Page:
When You Get Cancer You Really Value the Little Things
Everyone likes to see a smiling face, receive a bouquet of flowers, or get a card that says "I'm thinking of you". When someone is going through cancer treatment, those small gestures have an even bigger impact. A lot of people think this happens often, but that's not always true. A lot of people don't do anything, simply because they don't know what to do or say. The reality is, all it takes is a small gesture to really make a difference in someone's cancer experience.
When you're diagnosed with cancer, you immediately wonder what's going to happen when you tell other people - will your closest loved ones do the big things, the small things, or nothing at all? You question how they will respond because you know life will never be the same for you or them - that space in time will change things forever. What will they do? What will they not do? Will they help or run? Will they give me my space or suffocate me? Their response defines not only how we feel loved and cared for but how we remember our lives throughout the cancer journey and beyond.
Now, I'm an oncology nurse. My journey to the "other side" had begun. Having worked as an oncology nurse for the majority of my career, I was extremely familiar with what diagnosis and treatment entailed. I knew it was no picnic.
I vividly remember the day I told my friend Colin, who was a former patient of mine that I had cancer. While I was in the hells of chemo after-effects, he came for a visit cradling a box of Popsicles. I was so exhausted and wasn't sure I had enough energy to talk, but he made that feel okay. We chatted minimally and he handed me a Popsicle. He said, "We don't even need to talk, I get it. Let's just veg out on TV." He meant what he said and his actions showed it.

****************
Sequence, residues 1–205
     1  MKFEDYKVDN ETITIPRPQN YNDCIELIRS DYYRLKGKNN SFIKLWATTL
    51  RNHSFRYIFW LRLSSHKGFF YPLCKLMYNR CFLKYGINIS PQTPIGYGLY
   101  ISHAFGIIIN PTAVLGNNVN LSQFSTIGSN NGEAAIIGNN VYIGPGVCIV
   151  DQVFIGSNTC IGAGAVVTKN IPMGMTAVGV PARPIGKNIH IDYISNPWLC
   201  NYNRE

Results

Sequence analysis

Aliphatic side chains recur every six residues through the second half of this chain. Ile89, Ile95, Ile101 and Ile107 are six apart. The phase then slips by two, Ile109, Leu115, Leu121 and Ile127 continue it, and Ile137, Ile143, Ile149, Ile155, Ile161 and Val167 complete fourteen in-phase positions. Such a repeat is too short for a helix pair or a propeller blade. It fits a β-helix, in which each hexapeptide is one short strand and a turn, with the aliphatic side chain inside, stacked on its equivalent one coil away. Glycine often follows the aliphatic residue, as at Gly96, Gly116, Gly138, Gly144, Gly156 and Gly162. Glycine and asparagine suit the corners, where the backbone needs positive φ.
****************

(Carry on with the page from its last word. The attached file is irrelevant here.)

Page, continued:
Having Colin by my side was not only a comfort but an encouragement. I needed the love and support from others, lots of it, and thankfully I got it from many people. There's never enough positive things others can do for someone with cancer.
Here is a list of other small, wonderful things people gave to me throughout my cancer treatment, as inspiration for others out there:
- A blanket made by a 90 year old great grandma who, as I was told, "crochets and prays all day"
- Flowers from paramedics at the hospital.
- Cards from friends.
- Lance Armstrong's book, It's Not About the Bike.
- A Ficus tree decorated with yellow ribbons signed by my co-workers with messages of encouragement.
- Scarves my sister bought.
- A hand-decorated journal from a co-worker.
- Over 200 hours of the Hospital staff's vacation time (PTO) that they donated.
- Checks from my colleague doctors to help with medical expenses.
- Prayers from more people than I even know.
- One of the nurses/a co-worker set her watch at the exact time I was receiving chemo so she could send a healing prayer.
- And many more things.
The outpouring of love and help from others was incredible which helped catapult me into a stronger frame of mind to help battle the beast. As I look back at the road I traveled on the cancer journey, I realize that whether or not these people knew what to do, they all gave me love and help. It's not about the gift or the size of the gesture, it's about their heart and how it touched and helped heal mine.
What are some positive things others did for you when you were newly diagnosed? Share in the comments below!